AWG stands for American Wire Gauge, a standardised system of measuring the cross-sectional area of Cayin Tube Amp. This is utilized to figure out how much current a wire can handle. AWG causes much confusion for consumers, as the standard can be a little difficult to understand. Is 12 AWG much better than 14 AWG or vice versa? How come one cable looks thicker than another even though they have identical AWG? Is AWG a good indicator of quality? Does AWG matter, and if so, how? These are all good questions, and we’ll get to them shortly. Firstly, let’s briefly touch regarding how AWG is actually calculated.
How is AWG calculated? When a cable had been a solid circular wire, then AWG is rather straightforward to calculate. Take the area (pi x radius squared) to have the cross-sectional area, and appear the AWG chart (example below) to work out AWG. If a cable has multiple strands, a similar operation is done to work out your cross-sectional part of each strand, that is then simply just multiplied by the amount of strands to have the total AWG. However be mindful when comparing this figure as AWG is not linear. For each extra 3 AWG, it is half the cross-sectional area. So 9 AWG is about 50 % of 6 AWG, which can be half again of three AWG. Hence 3 AWG is quadruple the thickness of 9 AWG.
So how exactly does AWG affect electrical properties? You would’ve noticed by now that this smaller the AWG, the bigger the cable. Larger cables will have less DC resistance, which means less power loss. For applications to home theatre, this is certainly true approximately an extent. A rule of thumb is the fact for smaller speakers, a cable of approximately 17 AWG is sufficient, whereas for larger speakers anything approximately 12 AWG or even more will give you great outcomes.
Why some cables the exact same AWG look different in thickness? Two factors dominate here. Firstly, the AWG only takes under consideration the interior conductors. Therefore, a cable manufacturer could easily boost the thickness from the Audiophile Cables to make the cable appear thicker. This isn’t necessarily bad, as up to and including point increased jacket thickness reduces other unwanted properties. Just make sure that you don’t do a comparison by sight.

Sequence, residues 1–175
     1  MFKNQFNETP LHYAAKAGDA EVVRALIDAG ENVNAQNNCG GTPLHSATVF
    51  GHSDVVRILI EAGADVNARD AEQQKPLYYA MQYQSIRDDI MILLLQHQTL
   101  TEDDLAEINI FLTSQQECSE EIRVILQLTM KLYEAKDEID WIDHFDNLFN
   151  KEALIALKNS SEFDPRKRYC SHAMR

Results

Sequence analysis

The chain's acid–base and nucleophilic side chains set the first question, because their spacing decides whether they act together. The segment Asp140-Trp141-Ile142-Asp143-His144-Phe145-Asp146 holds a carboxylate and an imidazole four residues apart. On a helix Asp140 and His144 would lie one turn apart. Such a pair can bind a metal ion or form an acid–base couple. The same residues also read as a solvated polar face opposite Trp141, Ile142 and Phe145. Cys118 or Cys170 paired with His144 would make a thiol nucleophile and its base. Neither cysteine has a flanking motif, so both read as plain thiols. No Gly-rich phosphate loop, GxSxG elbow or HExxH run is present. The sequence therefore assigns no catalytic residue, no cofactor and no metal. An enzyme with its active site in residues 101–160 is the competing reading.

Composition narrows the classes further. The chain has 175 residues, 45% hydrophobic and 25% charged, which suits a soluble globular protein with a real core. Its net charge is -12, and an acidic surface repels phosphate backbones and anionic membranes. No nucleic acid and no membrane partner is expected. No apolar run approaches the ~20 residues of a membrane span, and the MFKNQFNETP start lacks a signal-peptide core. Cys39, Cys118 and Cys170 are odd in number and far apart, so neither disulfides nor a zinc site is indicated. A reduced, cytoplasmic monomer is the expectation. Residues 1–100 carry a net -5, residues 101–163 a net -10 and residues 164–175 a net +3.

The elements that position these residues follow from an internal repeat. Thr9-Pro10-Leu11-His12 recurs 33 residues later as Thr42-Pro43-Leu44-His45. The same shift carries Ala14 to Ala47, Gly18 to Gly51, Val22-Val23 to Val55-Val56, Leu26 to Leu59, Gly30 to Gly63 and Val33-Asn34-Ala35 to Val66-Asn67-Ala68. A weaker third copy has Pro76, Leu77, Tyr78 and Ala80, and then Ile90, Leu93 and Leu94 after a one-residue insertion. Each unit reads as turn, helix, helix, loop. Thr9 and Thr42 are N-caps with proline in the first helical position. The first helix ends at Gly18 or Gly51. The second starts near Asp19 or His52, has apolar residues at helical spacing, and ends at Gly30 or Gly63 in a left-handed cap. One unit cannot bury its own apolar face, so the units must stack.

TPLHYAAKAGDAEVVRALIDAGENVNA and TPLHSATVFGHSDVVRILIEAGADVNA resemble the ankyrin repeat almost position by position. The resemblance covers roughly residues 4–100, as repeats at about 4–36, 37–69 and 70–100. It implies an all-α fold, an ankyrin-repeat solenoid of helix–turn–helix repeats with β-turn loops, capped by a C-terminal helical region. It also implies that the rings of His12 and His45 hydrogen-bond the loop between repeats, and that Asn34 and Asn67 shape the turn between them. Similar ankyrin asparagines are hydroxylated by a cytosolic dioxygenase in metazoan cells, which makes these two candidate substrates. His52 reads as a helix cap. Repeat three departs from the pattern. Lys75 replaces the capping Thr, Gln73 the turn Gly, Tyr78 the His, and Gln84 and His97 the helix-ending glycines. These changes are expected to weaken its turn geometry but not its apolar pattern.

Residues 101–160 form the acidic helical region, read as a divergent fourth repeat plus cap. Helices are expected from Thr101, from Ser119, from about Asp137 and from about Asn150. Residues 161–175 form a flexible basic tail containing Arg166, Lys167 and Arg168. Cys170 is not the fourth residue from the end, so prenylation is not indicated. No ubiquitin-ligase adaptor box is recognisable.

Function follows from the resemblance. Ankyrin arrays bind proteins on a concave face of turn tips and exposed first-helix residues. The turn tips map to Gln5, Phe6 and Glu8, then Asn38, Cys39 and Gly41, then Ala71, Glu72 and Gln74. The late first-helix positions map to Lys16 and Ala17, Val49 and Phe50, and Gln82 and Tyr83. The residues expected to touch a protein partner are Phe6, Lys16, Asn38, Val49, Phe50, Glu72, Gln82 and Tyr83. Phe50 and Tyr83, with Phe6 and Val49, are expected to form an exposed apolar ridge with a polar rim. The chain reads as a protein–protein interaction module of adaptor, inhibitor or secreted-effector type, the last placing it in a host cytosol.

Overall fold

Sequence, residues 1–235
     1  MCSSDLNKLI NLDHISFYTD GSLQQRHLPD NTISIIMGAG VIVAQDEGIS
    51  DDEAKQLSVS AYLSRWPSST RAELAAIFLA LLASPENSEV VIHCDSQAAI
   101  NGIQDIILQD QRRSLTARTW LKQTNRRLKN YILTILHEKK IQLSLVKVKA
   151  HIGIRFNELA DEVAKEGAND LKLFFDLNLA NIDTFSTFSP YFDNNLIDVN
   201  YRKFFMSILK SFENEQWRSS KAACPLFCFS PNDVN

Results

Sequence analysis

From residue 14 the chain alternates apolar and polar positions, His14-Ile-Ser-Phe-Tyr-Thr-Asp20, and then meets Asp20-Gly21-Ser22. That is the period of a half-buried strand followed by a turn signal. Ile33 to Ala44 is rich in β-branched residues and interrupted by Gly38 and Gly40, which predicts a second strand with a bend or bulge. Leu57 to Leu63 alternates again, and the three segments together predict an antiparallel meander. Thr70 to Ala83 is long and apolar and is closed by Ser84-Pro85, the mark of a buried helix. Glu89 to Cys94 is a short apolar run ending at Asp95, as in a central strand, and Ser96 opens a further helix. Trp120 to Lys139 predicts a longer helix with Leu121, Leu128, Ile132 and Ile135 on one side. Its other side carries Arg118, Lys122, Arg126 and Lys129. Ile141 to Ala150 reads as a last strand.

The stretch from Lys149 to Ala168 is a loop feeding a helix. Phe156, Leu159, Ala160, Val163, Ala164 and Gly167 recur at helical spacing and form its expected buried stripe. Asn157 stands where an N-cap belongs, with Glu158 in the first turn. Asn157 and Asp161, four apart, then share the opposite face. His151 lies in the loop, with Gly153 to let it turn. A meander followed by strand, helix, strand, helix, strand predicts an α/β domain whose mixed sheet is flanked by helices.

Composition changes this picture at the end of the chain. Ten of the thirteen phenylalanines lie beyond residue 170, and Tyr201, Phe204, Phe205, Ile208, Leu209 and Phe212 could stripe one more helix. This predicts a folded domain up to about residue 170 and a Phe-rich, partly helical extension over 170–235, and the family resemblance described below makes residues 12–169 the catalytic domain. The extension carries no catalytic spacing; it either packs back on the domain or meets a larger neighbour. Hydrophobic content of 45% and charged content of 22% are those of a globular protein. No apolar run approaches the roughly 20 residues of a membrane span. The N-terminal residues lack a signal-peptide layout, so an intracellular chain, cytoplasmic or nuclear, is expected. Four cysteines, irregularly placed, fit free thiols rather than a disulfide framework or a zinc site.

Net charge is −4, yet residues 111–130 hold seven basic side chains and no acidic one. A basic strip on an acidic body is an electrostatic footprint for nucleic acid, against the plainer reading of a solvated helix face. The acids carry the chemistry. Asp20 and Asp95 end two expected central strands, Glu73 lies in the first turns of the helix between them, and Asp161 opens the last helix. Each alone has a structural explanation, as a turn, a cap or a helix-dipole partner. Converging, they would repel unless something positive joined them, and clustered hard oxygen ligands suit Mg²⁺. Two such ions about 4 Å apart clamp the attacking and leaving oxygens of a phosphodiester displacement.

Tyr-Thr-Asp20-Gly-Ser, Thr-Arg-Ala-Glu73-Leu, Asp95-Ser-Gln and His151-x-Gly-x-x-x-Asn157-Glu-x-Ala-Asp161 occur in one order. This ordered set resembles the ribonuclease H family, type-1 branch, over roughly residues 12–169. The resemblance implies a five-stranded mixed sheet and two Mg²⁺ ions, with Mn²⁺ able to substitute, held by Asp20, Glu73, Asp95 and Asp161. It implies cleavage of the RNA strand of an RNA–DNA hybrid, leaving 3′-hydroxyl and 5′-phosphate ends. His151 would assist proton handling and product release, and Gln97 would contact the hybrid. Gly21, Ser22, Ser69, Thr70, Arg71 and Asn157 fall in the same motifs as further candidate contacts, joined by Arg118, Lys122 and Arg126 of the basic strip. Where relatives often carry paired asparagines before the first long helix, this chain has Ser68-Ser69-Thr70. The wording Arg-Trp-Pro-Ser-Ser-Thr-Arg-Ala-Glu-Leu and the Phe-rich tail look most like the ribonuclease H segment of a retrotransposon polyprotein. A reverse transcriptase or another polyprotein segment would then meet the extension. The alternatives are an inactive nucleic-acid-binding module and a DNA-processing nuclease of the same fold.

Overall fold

Another factor why two same AWG cables may look different in thickness is the way the internal strands are made. Some cables have thinner strands, while some have thicker strands. Depending on the size and placement of those strands, cables can be made to appear thinner or thicker compared to what they are.
Is AWG an excellent indicator of quality? In a nutshell, no. A big AWG (small cable) may easily be not big enough for the application (for example, you shouldn’t be using a 24 AWG cable to perform your front speakers). However, AWG is a way of measuring quantity, not quality. You ought to ensure that all of your speaker cables are of at the very least Line Magnetic.
Does AWG matter? How so? AWG certainly matters. You should ensure that the cable you might be using is enough to handle the power you’re going to put through them. Additionally, if you are performing a longer run, then even more thickness would be required. However, many people get trapped a lot of in AWG and forget the reality that after a sufficient thickness is reached, other elements enter into play. This then grows more a matter for “audiophile” features to settle, such as using high quality materials such gaqgbw silver conductors or improved design.
Wire gauge is unquestionably a great fundamental indicator of methods sufficient a cable is perfect for the application. However, it really is by no means a judgement on quality, or even a specification to consider exclusively. As a general principle, after about 11-12 AWG, thickness becomes much a smaller factor, whereas for the majority of hi-fi applications 18-19 AWG would be the minimum cables to utilize.